Australia’s economy is experiencing the biggest contraction since the 1930s but it is possible the coronavirus-led downturn could be shallower than expected, the Reserve Bank says.
However, the outlook remains “highly uncertain” and the pandemic is likely to have “long-lasting effects” on the economy, according to the central bank’s June board meeting minutes released on Tuesday.
The RBA kept the cash rate at a record low 0.25 per cent at the monthly meeting while assessing the extent of the coronavirus-driven economic downturn.
It had cut rates twice and announced quantitative easing measures in March in an effort to cushion the economy from the impact of the pandemic.
The federal government has weighed in with more than $70 billion in stimulus, mainly through its JobKeeper wage subsidy scheme to keep people on employers’ books.
According to the minutes, the RBA board recognised the substantial, co-ordinated and unprecedented easing of fiscal and monetary policy in Australia was helping the economy through this difficult period.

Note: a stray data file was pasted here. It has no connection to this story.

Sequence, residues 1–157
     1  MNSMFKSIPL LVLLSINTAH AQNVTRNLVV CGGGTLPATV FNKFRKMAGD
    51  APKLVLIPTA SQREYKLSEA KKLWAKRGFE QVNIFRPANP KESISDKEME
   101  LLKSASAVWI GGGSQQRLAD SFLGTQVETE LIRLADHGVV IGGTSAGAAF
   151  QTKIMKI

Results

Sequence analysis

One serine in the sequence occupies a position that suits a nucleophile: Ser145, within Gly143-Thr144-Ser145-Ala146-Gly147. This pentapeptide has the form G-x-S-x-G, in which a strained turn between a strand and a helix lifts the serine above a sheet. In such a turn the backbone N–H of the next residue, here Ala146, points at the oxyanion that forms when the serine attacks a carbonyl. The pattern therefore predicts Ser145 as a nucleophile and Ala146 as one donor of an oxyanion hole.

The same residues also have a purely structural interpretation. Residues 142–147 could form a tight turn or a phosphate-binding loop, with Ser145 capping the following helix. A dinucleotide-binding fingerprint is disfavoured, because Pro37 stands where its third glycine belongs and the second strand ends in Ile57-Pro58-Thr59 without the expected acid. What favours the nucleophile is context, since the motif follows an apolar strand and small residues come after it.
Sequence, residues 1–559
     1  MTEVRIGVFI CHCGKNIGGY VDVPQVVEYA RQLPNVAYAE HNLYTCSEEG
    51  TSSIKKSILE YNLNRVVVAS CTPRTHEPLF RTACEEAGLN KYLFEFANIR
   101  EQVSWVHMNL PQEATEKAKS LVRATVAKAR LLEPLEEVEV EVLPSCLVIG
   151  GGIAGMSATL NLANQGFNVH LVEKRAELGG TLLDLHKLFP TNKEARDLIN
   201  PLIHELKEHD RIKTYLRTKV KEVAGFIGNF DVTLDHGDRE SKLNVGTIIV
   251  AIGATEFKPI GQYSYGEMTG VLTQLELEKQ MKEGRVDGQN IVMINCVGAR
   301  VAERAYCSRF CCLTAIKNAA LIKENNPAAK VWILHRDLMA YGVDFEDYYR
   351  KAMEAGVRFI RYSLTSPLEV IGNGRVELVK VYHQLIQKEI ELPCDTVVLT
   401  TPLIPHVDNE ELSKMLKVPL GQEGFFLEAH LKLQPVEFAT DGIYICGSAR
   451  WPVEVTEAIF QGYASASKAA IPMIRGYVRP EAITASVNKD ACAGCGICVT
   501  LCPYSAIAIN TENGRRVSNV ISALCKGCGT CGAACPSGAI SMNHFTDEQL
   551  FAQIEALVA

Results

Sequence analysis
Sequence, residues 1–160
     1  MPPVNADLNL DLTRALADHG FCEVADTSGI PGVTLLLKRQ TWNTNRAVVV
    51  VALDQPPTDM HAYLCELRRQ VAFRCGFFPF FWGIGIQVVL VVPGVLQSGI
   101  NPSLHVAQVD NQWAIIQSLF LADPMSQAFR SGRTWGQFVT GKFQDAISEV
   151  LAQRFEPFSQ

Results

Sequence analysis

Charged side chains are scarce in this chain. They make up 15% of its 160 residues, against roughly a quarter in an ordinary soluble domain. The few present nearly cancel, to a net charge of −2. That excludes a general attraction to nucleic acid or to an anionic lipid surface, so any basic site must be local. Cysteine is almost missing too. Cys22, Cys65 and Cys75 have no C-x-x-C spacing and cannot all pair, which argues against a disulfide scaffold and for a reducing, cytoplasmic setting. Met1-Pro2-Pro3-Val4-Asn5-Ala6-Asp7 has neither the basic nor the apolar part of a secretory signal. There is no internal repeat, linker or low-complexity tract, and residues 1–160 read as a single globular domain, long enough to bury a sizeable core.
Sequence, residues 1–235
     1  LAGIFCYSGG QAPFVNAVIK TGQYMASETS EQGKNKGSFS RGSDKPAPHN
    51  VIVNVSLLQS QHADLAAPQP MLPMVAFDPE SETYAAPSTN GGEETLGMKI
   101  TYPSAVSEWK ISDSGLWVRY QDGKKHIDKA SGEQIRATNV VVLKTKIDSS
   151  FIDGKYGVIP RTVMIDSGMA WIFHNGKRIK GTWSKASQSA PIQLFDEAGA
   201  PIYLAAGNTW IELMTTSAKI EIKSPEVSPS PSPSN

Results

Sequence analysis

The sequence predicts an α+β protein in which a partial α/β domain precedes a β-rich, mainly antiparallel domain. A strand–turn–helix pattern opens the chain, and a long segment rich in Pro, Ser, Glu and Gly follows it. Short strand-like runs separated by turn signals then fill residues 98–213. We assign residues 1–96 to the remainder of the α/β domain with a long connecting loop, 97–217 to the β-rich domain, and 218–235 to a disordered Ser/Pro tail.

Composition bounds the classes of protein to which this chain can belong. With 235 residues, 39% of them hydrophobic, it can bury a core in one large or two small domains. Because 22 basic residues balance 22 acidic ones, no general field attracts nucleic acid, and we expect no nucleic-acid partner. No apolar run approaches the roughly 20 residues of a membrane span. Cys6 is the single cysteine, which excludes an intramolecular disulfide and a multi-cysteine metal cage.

The actions were keeping funding costs low and supporting the supply of credit to households and businesses.
The package had also contributed to a significant improvement in the functioning of government bond markets, and kept the yield on three-year Australian government bonds at the target of about 25 basis points.
The RBA noted that economic activity in Australia had contracted significantly in late March and April but more recent data suggested it had begun to recover in May.
The rate of new infections had declined significantly and some restrictions had been eased earlier than had previously been thought likely.
The contraction in spending in late March and April had been accompanied by significant job losses, with total hours worked falling by 9.0 per cent in April. But payroll data suggested that the pace of job losses slowed towards the end of April.
On Tuesday, ABS data showed payrolls began to gradually pick up in May after record falls in the previous month, with jobs up 1 per cent over the whole month.
The RBA, meanwhile, said the number of jobs had stabilised or increased a little in some of the industries most affected by the restrictions on activity.
Recent credit card data has also shown a pick up in in-store spending in a sign of improving consumer sentiment.
But the board noted the situation still constituted a very significant deterioration.
The unemployment rate, which rose to 6.2 per cent in April, is still forecast to increase further to 7.0 per cent in May and remain elevated through 2021.
It is likely this fiscal and monetary support would be required for some time, the central bank said, and pledged to maintain its accommodative approach as long as required.